Phototransistor-based Optoelectronic Tweezers (Ph-OET) enables optical manipulation of microscopic particles in physiological buffer solutions by creating electrical field gradients around them. A spatial light pattern is created by a DMD based projector focused through a microscope objective onto the phototransistor. In this paper we look into what differences there are in the trap stiffness profiles of HeLa cells trapped by Ph-OET compared to previous a-Si based OET devices. We find that the minimum trap size for a HeLa cell using a phototransistor with pixel pitch 10.35μm is 24.06μm in diameter which can move cells at 20μms-1 giving a trap stiffness of 8.38 x 10-7 Nm-1.
Optoelectronic Tweezers (OET) creates patterned electrical fields by selectively illuminating a photoconductive layer
sandwiched between two electrodes. The resulting electrical gradients are used to manipulate microscopic particles,
including biological cells, using the dielectrophoresis (DEP) force. Previously it has been shown that up to 15,000 traps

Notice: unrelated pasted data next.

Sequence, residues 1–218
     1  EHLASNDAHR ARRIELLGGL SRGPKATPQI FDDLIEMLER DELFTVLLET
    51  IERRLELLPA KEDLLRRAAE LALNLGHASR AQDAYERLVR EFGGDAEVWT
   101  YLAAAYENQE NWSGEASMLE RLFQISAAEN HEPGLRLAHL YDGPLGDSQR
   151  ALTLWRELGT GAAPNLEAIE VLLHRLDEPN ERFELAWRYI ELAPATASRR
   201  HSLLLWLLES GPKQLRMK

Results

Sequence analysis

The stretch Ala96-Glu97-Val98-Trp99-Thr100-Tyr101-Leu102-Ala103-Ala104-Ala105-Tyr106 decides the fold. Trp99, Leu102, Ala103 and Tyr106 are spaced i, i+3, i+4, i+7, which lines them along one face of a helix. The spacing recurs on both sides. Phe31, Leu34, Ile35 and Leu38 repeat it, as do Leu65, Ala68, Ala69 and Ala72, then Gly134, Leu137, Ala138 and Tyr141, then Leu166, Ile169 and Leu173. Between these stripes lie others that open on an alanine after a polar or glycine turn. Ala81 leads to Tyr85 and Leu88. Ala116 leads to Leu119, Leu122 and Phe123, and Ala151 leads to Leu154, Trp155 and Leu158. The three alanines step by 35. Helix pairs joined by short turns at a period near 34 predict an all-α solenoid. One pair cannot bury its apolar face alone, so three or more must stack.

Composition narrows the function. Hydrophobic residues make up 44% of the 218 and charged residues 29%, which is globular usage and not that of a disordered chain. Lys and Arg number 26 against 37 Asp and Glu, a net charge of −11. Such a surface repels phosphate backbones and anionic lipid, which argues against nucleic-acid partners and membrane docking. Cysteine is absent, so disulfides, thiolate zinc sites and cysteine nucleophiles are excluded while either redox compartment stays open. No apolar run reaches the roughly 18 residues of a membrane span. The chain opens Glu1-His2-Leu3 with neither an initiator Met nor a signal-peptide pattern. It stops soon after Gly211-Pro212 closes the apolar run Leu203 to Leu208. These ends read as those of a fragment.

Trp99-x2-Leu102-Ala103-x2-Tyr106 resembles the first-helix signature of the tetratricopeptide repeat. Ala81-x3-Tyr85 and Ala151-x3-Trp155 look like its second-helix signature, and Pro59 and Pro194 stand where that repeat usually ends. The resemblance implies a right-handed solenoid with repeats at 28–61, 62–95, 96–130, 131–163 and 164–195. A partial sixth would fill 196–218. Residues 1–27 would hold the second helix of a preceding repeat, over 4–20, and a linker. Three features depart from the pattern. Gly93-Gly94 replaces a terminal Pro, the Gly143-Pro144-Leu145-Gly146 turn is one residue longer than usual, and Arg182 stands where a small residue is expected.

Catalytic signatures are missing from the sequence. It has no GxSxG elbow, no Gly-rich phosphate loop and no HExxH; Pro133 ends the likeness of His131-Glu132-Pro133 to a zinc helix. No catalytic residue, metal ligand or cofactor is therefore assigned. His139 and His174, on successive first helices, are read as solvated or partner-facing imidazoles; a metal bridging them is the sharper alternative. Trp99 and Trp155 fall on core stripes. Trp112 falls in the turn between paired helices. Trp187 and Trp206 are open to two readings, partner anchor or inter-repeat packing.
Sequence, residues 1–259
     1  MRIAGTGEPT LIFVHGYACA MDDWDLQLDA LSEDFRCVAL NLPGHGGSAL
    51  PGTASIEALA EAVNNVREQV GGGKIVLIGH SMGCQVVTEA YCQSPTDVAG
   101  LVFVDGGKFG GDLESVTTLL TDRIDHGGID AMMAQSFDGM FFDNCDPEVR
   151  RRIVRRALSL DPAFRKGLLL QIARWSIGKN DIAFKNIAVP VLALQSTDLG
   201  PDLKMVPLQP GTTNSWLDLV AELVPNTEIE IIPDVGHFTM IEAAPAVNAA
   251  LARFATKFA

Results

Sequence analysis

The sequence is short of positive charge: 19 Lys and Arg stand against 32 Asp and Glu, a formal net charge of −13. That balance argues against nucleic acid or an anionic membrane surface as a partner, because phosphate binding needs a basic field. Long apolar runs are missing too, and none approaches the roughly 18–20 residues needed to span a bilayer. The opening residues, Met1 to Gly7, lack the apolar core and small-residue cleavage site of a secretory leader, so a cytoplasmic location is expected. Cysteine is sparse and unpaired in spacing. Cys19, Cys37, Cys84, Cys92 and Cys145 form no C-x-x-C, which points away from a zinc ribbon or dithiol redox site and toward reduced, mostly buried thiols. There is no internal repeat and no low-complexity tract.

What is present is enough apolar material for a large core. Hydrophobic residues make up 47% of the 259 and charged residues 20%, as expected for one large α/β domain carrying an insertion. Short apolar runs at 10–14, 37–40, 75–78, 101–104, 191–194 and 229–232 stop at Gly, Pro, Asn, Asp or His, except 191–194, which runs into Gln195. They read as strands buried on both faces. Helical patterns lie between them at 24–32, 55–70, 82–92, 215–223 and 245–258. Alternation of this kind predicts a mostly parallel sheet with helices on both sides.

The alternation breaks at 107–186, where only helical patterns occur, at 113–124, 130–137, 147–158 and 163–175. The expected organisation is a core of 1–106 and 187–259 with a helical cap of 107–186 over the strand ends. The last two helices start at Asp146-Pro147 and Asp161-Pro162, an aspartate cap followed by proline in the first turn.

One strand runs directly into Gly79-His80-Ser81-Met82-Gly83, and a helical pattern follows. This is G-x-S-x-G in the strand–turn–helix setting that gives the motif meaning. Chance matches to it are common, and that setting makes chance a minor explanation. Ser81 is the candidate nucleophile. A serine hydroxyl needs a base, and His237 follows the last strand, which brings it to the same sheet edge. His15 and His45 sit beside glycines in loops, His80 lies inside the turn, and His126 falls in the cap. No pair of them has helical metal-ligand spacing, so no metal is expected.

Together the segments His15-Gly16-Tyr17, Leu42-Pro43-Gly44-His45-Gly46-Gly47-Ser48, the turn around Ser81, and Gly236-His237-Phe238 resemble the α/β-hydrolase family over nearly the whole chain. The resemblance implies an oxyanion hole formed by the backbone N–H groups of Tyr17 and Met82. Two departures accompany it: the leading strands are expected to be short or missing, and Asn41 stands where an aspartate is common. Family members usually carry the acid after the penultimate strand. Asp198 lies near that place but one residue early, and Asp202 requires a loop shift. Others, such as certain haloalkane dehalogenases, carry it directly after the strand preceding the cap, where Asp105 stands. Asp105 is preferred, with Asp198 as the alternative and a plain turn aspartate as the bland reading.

can be created with just 1 mW of optical power1, and that OET traps are 470 times stiffer than traps created with optical
tweezers of the same power2. In this paper we explore the use of OET for trapping HeLa cells. First, experiments are
performed using glass beads as a model particle, and the results are compared with numerical simulations to confirm our
ability to model the electrical field gradients in the OET device. We then track trapped HeLa cells in different sizes of
traps, showing maximum cell velocities of 60 μm s-1 using an illumination intensity of just 2.5 W cm-2. We measure the
electrical properties of the cell's membrane by analyzing the cell's DEP frequency response and use this information to
model the forces on the cell. We find that it is possible to create a trap with a stiffness of 3×10-6 N m-1 that does not vary
with position within the trap.
Optofluidics is the process of integrating the capabilities of optical and fluidic systems to achieve novel
functionalities that can benefit from both. Among the novel capabilities that an optical system can bring to the table is